16-year-old Lynne from King’s Lynn took home the Young Carer of the Year Award.  Whilst caring for her sister, who has several additional needs, Lynne finds it challenging at home to manage caring and going to school, revising for her GCSE’s and applying to go to college.  The judges were impressed with the great impact that Lynne has on others, particularly through her work volunteering with the Norfolk Young Carers Forum.  Whilst Lynne was happy that she won, she was “confused as I don’t feel I do anything special.”

 Carer Friendly Voluntary Award – Richard Cross

 The judges rewarded Cambridgeshire man Richard’s “dedication” as a volunteer with the Carer Friendly Voluntary Award.  Playing a very active role volunteering both at Carers Trust Cambridgeshire, Peterborough, Norfolk and other carer organisations nationally, Richard is forthcoming about his own caring experience for his wife, making people feel less isolated and alone.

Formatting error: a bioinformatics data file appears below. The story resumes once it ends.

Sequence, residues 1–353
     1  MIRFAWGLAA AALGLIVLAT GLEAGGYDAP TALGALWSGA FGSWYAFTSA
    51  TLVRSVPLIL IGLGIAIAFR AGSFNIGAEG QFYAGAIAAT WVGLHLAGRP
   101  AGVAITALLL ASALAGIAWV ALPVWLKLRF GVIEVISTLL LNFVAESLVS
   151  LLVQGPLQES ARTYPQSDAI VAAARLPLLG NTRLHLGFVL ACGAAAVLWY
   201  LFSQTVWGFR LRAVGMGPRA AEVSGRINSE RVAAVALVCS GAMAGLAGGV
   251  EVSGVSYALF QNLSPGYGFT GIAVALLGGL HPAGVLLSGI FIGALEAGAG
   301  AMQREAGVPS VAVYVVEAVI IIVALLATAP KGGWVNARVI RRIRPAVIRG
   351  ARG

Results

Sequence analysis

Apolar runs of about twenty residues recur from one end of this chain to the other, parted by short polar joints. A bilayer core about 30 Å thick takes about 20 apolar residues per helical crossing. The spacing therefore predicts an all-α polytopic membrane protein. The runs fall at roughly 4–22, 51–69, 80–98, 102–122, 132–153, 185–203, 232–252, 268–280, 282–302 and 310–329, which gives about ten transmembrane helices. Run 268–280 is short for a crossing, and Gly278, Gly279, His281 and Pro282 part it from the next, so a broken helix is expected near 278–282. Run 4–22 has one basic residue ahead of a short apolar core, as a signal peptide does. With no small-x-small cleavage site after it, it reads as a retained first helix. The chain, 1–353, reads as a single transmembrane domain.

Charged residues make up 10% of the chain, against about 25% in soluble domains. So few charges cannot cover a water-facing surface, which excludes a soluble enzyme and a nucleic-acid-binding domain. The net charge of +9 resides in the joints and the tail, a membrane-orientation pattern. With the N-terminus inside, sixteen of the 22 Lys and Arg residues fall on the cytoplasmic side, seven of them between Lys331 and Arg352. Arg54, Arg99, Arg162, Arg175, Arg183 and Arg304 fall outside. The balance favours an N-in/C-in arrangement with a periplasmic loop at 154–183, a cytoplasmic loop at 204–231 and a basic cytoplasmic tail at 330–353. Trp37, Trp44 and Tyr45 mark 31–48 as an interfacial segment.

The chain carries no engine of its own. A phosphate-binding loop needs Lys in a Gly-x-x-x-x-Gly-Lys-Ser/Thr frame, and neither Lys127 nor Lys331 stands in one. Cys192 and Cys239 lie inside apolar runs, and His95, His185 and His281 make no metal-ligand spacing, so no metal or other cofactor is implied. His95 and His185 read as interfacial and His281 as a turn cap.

Carer Friendly Social Care – Philia Lodge Care Home

 Peterborough care home, Philia Lodge, didn’t go home empty handed, receiving the ‘Carer Friendly Social Care’ award for their innovative services and motivated team.  Heidi Seldon, Registered Manager, was delighted to have won:

“It’s amazing for my staff to have the recognition they deserve for their commitment and dedication they give to our service users and their families.”

 Carer Friendly Health Care – Nicola Tatham